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Tag: Writing (page 2 of 3)

“Moving Forward” Seminar 3

This seminar related to bottlenecks in your research.  Rather depressing when the whole thing feels like you’re stuck in the neck of the bottle, like a cartoon character with your head bulging out, or should that be in?

The key is to stop procrastinating (ha!) and just to start.  So if there’s a section in your thesis that is weighing heavily on your mind, and you don’t know what to do about it, start writing using one of the techniques from the first session.  So for example, use freewriting, freefalling (the one where you make the text white on white so that you can’t make edits) or writing in a different genre.  Even if you only do 20 minutes to start with, you should gradually find that you’ve worked through the bottleneck and gone some way towards writing the section that was causing all that anxiety.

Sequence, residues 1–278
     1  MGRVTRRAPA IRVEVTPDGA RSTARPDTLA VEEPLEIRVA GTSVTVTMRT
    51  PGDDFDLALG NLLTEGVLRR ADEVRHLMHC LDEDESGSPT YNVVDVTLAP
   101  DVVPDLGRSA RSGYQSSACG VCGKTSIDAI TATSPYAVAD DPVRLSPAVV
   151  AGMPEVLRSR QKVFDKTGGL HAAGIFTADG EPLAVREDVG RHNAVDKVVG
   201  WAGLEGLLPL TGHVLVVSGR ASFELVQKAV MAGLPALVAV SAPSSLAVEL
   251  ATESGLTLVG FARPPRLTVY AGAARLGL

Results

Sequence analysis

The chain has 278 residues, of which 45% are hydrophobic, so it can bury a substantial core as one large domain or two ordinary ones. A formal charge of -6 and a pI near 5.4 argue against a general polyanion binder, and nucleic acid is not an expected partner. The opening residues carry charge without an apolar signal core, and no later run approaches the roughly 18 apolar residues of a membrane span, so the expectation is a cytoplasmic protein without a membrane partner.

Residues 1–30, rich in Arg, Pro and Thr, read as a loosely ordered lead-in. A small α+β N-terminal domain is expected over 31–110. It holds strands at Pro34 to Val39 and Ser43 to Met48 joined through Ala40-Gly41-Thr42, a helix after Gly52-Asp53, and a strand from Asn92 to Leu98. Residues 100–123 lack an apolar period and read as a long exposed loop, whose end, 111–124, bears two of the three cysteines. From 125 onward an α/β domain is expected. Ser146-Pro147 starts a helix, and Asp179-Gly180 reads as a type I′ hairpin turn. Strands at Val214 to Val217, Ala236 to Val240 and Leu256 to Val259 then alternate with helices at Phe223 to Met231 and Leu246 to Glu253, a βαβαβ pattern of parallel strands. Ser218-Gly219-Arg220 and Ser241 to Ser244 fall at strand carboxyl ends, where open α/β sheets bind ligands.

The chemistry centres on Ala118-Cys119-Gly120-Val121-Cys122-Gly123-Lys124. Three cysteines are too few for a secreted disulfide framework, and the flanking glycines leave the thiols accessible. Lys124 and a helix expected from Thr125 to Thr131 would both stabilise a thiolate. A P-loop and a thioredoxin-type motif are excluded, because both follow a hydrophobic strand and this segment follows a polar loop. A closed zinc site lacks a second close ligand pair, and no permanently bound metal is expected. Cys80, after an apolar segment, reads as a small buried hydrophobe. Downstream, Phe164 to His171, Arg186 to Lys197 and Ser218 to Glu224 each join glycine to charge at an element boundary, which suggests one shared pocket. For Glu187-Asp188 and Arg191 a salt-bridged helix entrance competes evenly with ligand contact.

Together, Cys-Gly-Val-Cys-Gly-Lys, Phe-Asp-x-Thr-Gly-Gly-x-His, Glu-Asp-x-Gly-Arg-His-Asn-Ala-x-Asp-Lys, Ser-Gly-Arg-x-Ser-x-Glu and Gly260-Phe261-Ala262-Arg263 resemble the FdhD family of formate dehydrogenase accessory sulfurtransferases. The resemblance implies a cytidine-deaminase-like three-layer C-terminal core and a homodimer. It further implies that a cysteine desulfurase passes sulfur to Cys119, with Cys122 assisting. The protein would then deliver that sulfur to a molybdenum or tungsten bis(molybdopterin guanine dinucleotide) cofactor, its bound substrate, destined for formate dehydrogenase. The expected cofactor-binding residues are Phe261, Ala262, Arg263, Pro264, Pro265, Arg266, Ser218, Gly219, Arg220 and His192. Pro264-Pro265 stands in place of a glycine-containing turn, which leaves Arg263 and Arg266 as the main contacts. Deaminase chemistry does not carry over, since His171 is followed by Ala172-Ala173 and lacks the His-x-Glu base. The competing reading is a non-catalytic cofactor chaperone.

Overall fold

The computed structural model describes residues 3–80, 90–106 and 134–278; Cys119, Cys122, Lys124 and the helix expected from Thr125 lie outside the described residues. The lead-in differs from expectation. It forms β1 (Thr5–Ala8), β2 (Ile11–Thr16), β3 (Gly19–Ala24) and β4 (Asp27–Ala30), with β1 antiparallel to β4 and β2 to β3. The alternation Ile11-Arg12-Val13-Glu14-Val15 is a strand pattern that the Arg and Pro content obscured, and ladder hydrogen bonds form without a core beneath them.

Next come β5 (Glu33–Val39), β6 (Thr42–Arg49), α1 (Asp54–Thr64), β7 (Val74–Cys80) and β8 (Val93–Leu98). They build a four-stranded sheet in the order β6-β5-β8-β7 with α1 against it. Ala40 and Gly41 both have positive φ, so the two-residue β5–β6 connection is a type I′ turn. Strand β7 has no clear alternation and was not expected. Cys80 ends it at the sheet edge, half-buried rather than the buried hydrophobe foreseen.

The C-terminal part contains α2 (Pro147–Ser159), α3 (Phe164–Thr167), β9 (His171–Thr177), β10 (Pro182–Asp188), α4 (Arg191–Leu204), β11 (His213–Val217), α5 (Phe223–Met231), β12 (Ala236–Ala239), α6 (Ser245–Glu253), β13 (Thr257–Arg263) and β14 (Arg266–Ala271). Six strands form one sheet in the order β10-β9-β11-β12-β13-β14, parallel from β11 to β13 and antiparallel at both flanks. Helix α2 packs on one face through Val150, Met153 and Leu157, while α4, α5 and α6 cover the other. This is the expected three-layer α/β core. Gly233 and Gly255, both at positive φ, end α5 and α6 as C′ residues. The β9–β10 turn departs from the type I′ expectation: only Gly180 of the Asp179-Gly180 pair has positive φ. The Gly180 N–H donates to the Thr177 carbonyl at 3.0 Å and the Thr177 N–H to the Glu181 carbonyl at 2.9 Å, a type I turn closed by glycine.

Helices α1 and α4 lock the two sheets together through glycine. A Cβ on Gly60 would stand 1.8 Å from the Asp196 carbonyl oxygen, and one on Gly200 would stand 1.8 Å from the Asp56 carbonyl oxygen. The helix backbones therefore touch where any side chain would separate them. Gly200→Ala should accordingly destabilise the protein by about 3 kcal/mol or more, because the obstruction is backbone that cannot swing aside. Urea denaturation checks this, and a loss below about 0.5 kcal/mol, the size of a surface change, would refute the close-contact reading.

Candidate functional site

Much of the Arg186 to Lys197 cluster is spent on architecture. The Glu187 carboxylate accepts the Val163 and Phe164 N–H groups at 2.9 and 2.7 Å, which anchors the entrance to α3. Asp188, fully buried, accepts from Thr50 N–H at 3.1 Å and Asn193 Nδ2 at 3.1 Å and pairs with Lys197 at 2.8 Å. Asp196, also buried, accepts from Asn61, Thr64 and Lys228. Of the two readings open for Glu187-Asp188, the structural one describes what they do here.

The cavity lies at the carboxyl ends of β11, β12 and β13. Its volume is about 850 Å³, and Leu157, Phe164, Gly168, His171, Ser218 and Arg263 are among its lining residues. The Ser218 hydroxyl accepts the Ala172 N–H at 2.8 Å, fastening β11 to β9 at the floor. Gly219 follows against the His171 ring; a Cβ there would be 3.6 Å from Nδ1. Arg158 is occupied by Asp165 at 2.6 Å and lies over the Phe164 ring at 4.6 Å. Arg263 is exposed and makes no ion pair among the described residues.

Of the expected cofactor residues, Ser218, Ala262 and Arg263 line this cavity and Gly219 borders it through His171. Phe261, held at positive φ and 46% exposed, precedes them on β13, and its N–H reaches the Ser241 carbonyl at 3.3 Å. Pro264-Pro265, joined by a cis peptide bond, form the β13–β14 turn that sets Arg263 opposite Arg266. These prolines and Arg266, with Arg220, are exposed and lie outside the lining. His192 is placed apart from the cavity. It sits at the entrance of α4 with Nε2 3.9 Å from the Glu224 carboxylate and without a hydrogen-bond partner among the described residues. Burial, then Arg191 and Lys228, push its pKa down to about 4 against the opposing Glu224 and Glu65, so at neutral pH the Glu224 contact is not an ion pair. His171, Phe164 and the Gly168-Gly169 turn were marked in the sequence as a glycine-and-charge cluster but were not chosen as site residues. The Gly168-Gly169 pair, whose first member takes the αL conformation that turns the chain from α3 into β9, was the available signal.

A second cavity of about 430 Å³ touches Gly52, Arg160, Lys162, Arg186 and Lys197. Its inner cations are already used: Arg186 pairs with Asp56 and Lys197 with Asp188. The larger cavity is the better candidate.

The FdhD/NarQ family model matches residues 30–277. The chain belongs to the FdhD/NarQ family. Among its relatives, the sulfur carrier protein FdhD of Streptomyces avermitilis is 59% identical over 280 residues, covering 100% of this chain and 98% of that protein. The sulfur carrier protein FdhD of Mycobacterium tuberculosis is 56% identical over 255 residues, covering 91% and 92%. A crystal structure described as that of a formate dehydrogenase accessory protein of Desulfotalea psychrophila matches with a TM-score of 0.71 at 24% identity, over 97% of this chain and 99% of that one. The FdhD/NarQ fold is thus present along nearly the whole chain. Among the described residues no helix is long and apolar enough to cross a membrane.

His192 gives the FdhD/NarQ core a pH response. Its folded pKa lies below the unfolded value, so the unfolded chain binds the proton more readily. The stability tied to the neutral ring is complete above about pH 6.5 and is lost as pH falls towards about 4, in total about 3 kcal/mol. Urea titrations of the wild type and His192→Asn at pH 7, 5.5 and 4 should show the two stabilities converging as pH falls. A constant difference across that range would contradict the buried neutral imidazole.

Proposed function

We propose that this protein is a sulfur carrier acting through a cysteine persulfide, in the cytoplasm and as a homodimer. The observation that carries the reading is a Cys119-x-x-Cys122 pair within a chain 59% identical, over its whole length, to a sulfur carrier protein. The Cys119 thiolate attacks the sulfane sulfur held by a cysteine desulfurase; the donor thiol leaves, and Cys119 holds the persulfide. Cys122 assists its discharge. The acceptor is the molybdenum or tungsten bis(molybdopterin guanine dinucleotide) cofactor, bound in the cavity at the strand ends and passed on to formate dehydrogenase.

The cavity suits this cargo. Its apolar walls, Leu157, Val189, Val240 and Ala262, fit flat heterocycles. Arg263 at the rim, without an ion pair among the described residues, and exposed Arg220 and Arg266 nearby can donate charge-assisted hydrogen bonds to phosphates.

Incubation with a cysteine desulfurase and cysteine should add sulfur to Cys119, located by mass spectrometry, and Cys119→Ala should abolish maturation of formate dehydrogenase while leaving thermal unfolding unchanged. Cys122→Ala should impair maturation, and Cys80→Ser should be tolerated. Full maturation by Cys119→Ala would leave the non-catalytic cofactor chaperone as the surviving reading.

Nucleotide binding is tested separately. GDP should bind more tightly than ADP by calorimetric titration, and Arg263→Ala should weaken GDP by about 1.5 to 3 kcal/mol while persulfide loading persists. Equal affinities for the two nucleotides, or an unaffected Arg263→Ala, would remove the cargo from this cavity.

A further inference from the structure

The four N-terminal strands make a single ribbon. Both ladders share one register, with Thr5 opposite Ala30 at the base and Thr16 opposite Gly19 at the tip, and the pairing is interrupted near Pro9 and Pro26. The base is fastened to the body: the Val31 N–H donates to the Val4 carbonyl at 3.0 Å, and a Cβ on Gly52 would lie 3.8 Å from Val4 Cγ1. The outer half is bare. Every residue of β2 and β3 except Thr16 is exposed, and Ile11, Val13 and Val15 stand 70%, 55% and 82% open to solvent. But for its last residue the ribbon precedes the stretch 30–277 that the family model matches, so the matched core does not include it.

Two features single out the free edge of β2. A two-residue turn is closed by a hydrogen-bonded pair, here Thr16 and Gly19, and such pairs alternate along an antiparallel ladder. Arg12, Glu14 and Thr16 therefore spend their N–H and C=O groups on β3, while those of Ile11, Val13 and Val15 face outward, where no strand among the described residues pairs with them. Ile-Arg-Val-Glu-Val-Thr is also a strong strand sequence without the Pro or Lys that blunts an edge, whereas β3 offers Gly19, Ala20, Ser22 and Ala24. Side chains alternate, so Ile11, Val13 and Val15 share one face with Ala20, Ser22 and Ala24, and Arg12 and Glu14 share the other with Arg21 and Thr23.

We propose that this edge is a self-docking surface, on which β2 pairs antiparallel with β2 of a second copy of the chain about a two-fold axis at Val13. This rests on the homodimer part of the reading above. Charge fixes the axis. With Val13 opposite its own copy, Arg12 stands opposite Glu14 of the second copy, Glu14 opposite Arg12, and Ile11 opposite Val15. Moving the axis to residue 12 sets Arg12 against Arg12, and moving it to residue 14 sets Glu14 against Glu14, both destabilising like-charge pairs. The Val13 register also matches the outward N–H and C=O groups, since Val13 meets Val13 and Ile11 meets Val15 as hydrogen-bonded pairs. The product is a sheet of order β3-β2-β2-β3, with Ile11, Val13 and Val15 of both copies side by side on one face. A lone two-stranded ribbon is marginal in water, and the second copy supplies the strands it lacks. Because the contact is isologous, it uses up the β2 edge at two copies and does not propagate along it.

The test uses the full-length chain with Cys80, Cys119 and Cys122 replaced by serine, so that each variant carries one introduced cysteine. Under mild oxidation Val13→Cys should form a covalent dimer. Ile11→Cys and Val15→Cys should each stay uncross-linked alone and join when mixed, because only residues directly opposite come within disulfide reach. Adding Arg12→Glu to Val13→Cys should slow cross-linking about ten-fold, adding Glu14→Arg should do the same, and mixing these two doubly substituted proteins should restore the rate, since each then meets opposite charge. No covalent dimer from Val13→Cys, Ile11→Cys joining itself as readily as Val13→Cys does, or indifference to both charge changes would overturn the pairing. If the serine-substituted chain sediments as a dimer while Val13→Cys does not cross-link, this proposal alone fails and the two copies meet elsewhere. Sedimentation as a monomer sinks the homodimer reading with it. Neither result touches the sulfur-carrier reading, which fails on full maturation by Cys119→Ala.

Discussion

“Moving Forward” Seminar 2

The second of the seminars was about managing resources.  Speaking personally, and as an interdisciplinary researcher with a lot of resources on the go at the same time, my bibliography and research notes are in a real mess.  I’m pretty sure that I’m doing better on my computer than I would be with a card system, but only barely!

This disorganisation is leading to a certain amount of anxiety, as I always feel that my research is out of control, and keep thinking that I’m missing out lots of things I meant to mention.  Time to sort it all out before it’s too late!